An electric power system may include local protective devices to protect local components and portions of the electric power system. The local protective devices, in some instances, may protect a single component, such as a generator, or may be associated with a specific feeder or distribution branch. Local protective devices may provide measurement data to a regional or distributed protective device that may protect a plurality of local components or a larger portion of the electric power system. These regional or distributed protective devices may be referred to as wide-area protective devices in that they provide protection to a wider area than a local protection component. Regional or distributed protective devices may communicate with and control local protective devices to protect the wide area within their purview. Still higher level protective devices may receive measurement data and/or calculations from a plurality of regional or distributed protective devices to make wide-area control decisions for multiple regions and/or distributed protective devices. The number of levels of protective devices may depend on a particular application but is not limited to two or three. Each level of protection may control one or more sub-levels of protective devices.
Individual IEDs may also communicate directly with each other. For example, IEDs at different locations of a transmission line may provide differential protection by communicating electric power system measurements with each other.
Each component of primary equipment, such as a circuit breaker or switch, may be controlled by protective devices such as an external IED or include an integrated IED. In some installations, protective devices may be incorporated directly into power system equipment. For example, a generator may include an IED (which may be embodied as a simple electronic circuit, or may include a processor and memory for more complex operations) to control integrated protective devices such as breakers, voltage regulators, current regulators, frequency control devices, etc. A breaker may have an integrated IED to determine when to open and may also be in communication with higher lever IEDs that may instruct it to open as well. Each protective device, groups of protective devices, and/or the IEDs controlling protective devices may have adjustable protection settings. In other installations, protective devices may be external to the primary equipment.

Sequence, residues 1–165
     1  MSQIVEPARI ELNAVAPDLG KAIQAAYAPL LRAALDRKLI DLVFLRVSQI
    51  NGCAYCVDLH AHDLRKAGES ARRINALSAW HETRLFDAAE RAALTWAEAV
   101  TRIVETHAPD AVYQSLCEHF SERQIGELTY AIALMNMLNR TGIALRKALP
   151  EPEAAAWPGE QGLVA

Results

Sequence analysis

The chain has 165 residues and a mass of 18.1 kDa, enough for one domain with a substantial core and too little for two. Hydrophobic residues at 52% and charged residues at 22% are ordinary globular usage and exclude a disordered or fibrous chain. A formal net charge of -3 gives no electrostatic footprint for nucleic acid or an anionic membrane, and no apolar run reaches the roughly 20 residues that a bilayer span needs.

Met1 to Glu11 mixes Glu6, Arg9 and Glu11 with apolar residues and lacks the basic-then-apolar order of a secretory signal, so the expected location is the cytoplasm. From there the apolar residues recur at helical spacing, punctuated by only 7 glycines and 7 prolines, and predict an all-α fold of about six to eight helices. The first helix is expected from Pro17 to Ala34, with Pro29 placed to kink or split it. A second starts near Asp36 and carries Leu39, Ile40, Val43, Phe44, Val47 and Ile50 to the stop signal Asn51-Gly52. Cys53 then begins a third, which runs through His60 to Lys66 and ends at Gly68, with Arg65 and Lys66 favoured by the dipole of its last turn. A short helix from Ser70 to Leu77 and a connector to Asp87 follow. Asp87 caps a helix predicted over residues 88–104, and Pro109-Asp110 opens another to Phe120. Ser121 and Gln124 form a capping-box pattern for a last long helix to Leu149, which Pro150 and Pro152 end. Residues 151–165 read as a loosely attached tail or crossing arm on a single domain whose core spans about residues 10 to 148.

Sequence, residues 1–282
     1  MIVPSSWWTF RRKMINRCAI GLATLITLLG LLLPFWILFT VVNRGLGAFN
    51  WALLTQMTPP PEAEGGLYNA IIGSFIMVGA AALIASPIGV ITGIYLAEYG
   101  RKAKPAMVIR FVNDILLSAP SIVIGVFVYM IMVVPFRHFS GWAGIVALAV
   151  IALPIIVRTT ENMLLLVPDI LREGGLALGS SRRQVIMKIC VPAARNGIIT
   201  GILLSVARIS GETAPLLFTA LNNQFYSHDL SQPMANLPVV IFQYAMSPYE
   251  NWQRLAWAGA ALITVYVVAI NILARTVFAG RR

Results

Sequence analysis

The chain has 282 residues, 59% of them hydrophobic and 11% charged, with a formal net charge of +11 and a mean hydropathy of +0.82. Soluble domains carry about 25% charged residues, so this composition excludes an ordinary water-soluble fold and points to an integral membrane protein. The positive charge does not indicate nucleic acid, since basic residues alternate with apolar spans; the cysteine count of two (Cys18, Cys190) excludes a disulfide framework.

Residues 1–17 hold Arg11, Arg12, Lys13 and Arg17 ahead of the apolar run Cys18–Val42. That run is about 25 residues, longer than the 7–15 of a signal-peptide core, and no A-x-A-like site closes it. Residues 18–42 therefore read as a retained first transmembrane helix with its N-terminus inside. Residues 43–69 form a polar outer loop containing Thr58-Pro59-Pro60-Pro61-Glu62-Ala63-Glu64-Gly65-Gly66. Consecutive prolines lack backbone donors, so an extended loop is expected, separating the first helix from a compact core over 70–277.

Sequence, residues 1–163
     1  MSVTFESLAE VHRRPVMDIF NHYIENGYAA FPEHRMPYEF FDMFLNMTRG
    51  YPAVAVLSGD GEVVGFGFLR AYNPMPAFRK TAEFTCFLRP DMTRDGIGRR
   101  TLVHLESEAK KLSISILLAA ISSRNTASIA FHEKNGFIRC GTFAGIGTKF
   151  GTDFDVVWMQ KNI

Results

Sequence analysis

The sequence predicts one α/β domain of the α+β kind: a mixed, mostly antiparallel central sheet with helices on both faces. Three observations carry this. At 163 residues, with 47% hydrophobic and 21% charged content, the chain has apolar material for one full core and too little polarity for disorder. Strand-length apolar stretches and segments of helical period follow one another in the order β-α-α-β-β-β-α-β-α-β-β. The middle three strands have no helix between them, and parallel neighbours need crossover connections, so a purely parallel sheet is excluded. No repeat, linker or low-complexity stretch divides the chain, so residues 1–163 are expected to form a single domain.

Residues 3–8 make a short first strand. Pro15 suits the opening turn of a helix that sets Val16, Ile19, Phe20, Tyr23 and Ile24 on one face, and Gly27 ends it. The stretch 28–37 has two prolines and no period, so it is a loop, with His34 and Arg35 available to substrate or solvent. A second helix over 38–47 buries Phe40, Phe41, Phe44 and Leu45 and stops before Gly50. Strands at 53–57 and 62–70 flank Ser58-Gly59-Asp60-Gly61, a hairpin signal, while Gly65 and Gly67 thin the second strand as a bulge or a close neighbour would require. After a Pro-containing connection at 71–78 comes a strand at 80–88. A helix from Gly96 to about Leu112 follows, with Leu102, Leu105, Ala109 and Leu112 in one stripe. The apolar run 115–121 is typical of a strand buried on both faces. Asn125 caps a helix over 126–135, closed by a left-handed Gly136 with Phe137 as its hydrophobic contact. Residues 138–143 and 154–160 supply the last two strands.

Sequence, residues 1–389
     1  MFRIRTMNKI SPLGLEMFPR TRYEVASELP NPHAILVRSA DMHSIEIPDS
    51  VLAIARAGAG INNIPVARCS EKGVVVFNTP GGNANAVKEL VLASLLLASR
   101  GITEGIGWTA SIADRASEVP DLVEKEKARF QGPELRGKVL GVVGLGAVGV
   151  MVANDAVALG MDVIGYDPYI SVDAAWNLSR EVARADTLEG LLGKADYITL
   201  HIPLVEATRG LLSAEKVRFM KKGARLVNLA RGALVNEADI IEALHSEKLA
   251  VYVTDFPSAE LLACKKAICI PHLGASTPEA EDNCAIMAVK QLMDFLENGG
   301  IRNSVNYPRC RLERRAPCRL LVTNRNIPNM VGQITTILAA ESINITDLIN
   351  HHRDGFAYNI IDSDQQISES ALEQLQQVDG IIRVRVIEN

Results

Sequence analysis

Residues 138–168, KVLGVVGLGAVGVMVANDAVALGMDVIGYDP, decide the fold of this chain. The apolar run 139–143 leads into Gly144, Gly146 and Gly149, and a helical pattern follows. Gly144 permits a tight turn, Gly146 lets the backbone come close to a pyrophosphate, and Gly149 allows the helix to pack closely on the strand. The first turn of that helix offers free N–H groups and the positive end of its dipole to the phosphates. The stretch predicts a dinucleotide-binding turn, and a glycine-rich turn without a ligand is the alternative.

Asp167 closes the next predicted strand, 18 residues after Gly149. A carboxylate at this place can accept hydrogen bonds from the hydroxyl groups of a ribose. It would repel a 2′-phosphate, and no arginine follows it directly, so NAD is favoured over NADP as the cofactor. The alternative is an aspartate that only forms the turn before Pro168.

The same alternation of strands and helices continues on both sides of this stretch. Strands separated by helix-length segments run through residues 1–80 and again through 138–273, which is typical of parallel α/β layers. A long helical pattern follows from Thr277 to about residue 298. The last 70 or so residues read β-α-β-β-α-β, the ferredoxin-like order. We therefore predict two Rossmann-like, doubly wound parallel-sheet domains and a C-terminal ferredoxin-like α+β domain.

In some embodiments, the protection settings of a IEDs are user-selectable. Coordination controllers, as described herein, may utilize the state of electric power system, current measurement values, and protection settings of downstream IEDs (such as distributed controllers) to determine a remedial action scheme (RAS). The RAS may define actions to be taken in response to various potential future conditions or events of the electric power system.
For example, a station controller may determine a RAS for a plurality of generators, breakers, distribution lines, and various loads. The RAS may define actions to be implemented if a generator were to lose power or otherwise go offline. The RAS may use a transient simulation model to determine the consequences of various events and actions. For example, a transient simulation model may indicate that if one of the generators were to go offline, that the other generators can continue to supply power to all the loads connected to the system, so long as the total load does not exceed a predetermined threshold. Above that threshold, the transient simulation model may indicate that load shedding may be necessary to avoid cascading failures. A RAS is not limited to the above examples, but rather may include any of a wide variety of actions to protect a wide variety of components and portions of an electric power system.
For example, a RAS may define actions to be taken in response to predetermined system conditions. The actions defined by the RAS may include, but are not limited to: curtailing or tripping generation or other sources; curtailing or tripping load; reconfiguring a system to meet specific reliability standards; modifying a topology (including adding generation, removing generation, adding load, and removing load) to maintain stability, system voltage, and/or acceptable power flow levels; prevent cascading failures; protect critical components of a system; protect and/or maintain power to critical loads; and/or the like. Many aspects of the RAS may be based on transient modeling of the behavior of the electric power system. The transient model of the electric power system may be highly dependent on the protection settings (e.g., set points) of various protective IEDs and/or protective devices within the system. In systems in which the protection settings may be user-selected and/or updated, a station controller, regional controller, centralized controller, or coordination controller implementing a RAS may be notified of the updated protection settings. A regional controller may provide coordinated protection for region. A centralized controller or multi-regional controller may provide higher level coordinated protection to multiple regions via a plurality of regional coordination controllers. The controller may use the updated protection settings to update the transient model simulations. The updated transient model simulations may warrant modification or updates to the RAS.